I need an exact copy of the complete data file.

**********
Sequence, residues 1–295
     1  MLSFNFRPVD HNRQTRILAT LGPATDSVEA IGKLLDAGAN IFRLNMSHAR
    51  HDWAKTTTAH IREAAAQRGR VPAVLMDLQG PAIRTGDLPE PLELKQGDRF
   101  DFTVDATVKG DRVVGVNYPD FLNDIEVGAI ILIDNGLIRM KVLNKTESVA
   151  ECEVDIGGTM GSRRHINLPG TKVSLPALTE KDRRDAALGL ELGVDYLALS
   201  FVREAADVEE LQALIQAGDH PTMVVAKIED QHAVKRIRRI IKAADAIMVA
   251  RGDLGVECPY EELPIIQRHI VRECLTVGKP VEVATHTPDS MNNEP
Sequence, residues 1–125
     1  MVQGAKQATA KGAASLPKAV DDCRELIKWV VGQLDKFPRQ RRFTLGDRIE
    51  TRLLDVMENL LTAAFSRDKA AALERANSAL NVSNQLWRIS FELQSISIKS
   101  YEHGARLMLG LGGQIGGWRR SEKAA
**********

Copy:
Sequence, residues 1–295
     1  MLSFNFRPVD HNRQTRILAT LGPATDSVEA IGKLLDAGAN IFRLNMSHAR
    51  HDWAKTTTAH IREAAAQRGR VPAVLMDLQG PAIRTGDLPE PLELKQGDRF
   101  DFTVDATVKG DRVVGVNYPD FLNDIEVGAI ILIDNGLIRM KVLNKTESVA
   151  ECEVDIGGTM GSRRHINLPG TKVSLPALTE KDRRDAALGL ELGVDYLALS
   201  FVREAADVEE LQALIQAGDH PTMVVAKIED QHAVKRIRRI IKAADAIMVA
   251  RGDLGVECPY EELPIIQRHI VRECLTVGKP VEVATHTPDS MNNEP
Sequence, residues 1–125
     1  MVQGAKQATA KGAASLPKAV DDCRELIKWV VGQLDKFPRQ RRFTLGDRIE
    51  TRLLDVMENL LTAAFSRDKA AALERANSAL NVSNQLWRIS FELQSISIKS
   101  YEHGARLMLG LGGQIGGWRR SEKAA